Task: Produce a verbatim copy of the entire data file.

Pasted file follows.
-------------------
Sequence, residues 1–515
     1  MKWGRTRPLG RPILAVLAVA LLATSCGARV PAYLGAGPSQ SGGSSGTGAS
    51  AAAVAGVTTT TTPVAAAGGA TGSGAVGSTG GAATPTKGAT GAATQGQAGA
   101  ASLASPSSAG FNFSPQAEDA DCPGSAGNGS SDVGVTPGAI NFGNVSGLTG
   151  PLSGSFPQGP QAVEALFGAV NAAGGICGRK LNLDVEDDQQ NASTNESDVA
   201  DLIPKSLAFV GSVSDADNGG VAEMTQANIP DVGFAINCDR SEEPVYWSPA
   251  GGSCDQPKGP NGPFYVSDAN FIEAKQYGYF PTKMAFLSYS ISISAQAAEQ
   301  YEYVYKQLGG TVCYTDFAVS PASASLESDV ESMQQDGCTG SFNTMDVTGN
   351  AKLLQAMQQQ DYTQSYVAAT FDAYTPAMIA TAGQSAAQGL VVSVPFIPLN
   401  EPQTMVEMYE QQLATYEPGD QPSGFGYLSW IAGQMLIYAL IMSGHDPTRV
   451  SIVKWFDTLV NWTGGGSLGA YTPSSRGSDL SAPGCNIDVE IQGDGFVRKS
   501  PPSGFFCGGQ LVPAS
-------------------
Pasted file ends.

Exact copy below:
Sequence, residues 1–515
     1  MKWGRTRPLG RPILAVLAVA LLATSCGARV PAYLGAGPSQ SGGSSGTGAS
    51  AAAVAGVTTT TTPVAAAGGA TGSGAVGSTG GAATPTKGAT GAATQGQAGA
   101  ASLASPSSAG FNFSPQAEDA DCPGSAGNGS SDVGVTPGAI NFGNVSGLTG
   151  PLSGSFPQGP QAVEALFGAV NAAGGICGRK LNLDVEDDQQ NASTNESDVA
   201  DLIPKSLAFV GSVSDADNGG VAEMTQANIP DVGFAINCDR SEEPVYWSPA
   251  GGSCDQPKGP NGPFYVSDAN FIEAKQYGYF PTKMAFLSYS ISISAQAAEQ
   301  YEYVYKQLGG TVCYTDFAVS PASASLESDV ESMQQDGCTG SFNTMDVTGN
   351  AKLLQAMQQQ DYTQSYVAAT FDAYTPAMIA TAGQSAAQGL VVSVPFIPLN
   401  EPQTMVEMYE QQLATYEPGD QPSGFGYLSW IAGQMLIYAL IMSGHDPTRV
   451  SIVKWFDTLV NWTGGGSLGA YTPSSRGSDL SAPGCNIDVE IQGDGFVRKS
   501  PPSGFFCGGQ LVPAS